“The conventional model of textbooks (Figure a) [Frank, 1997; Slavin, 1988; Park et al., 2001; Brue, 2001; …] has confused the relationship of the curves of demand (D) and supply (S) from the very beginning. It’ll be straightforward and mathematically consistent by interchanging both curves in order to rationally and rigorously explain the mechanism of the invisible hand in fundamental market behaviors (as shown in Figures b, c and d). For details, see “Toward Formal Models of the Theoretical Framework of Fundamental Economics,” Fundamenta Informaticae, 90(4), 443-459 [Wang, 2009].”
Professor Wang seeks to demonstrate the existence of an “invisible hand’ using mathematics.  However, he is wasting his talents.  There is no “invisible hand”.  Nor did Adam Smith claim there was an invisible entity called or describable as “invisible”.  
The derivation of (always) VISIBLE prices is crucial to how markets work and how supply and demand are reconciled.
From Smith’s time, the “invisible hand” was and remains a “figure of speech” that “describes in a more striking and interesting manner” the hidden motives of real agents (people) that cause them to take or contemplate actions for their intended ends.  (See Adam Smith, “Lectures on Rgetoric and Belles Lettres”, 1762-3, published by Oxford University Press, Oxford, p. 29).

Smith added that the intended actions (not their motives!) of agents may have “unintended consequences”, and in his three only uses of the metaphor of an “invisible hand” he illustrated the linked process that showed how an agent’s “intended consequences” from their motivated actions may have “unintended consequences”. (See Adam Smith’s: “History Of Astronomy” (posthumous) 1795; “Theory of Moral Sentiments” 1759, p. 184-5; and “Wealth Of Nations” 1776, p. 456).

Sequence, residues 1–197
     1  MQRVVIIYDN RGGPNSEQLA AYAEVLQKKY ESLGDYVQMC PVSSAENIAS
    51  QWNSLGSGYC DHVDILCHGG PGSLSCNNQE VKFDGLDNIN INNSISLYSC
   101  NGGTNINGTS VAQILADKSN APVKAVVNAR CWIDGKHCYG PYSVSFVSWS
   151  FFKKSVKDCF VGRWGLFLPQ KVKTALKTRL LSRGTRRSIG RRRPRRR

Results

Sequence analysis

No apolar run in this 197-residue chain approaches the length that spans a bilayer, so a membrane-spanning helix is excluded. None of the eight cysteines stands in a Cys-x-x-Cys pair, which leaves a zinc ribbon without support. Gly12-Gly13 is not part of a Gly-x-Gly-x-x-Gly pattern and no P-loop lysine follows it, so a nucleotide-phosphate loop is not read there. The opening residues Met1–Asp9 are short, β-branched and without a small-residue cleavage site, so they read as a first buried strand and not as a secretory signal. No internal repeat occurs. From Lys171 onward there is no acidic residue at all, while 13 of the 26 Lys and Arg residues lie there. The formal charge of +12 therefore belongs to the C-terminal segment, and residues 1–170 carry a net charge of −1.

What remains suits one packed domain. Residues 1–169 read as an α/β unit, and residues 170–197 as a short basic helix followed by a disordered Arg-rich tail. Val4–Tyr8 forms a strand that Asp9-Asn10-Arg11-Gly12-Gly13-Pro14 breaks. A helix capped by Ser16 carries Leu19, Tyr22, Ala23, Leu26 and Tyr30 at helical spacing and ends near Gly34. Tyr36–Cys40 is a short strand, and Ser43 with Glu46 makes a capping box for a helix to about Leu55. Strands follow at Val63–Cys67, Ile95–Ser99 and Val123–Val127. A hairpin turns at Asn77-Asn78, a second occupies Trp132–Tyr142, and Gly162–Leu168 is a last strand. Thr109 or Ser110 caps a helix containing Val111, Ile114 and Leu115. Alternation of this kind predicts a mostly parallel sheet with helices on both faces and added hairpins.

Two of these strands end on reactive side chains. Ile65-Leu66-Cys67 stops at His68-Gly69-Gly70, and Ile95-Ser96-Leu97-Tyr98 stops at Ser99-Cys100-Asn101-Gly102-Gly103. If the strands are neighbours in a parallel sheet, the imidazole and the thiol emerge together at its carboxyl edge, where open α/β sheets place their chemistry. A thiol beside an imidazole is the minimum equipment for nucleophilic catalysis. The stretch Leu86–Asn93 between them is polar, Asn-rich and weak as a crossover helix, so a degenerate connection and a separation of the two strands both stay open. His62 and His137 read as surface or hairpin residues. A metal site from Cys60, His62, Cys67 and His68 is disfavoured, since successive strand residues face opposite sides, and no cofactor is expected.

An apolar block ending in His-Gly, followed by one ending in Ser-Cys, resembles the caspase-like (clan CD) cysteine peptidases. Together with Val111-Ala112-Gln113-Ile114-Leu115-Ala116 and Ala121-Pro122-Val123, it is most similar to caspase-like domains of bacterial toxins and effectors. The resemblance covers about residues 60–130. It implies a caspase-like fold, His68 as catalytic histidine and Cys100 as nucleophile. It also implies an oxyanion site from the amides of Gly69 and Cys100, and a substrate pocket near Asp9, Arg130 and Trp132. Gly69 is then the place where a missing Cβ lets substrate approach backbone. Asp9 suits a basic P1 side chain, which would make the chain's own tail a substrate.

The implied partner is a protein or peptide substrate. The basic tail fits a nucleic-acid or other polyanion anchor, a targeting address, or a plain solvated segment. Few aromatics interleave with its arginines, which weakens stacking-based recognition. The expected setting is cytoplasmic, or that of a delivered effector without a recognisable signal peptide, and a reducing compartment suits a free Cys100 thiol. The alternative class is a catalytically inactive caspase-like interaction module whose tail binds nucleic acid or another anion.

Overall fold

Thursday, May 29, 2014


Art Carden, Assistant Professor of Economics at Samford University's Brock School of Business,(28 April) HERE "The Smith's are correct: Licensing isn't necessary to ensure quality"
“Occupational licensing can raise quality. It also raises prices, reduces output, and makes the labor market less flexible. Alabama policymakers would be wise to get rid of it.
In the first paper released as part of the Johnson Center at Troy University's Improving Lives in Alabama: A Vision for Economic Freedom and Prosperity—to which I have also contributed—economist Daniel J. Smith reviews the literature on occupational licensing. Contrary to his critics' charges, Dr. Smith is very much a citizen of "the real world." Licensing works against the interests of society by limiting the extent of the market.
That phrase might look familiar. As another economist named Smith—Adam Smith, in this case—famously wrote, "the division of labor is limited by the extent of the market." A large regulatory burden makes it harder for people to start businesses, limits the extent of the market, and ultimately makes us poorer.
…Licensure creates compulsory and unnecessary cartels for licensed services. Adam Smith also made another important point elsewhere in The Wealth of Nations, and it is central to Daniel Smith's argument: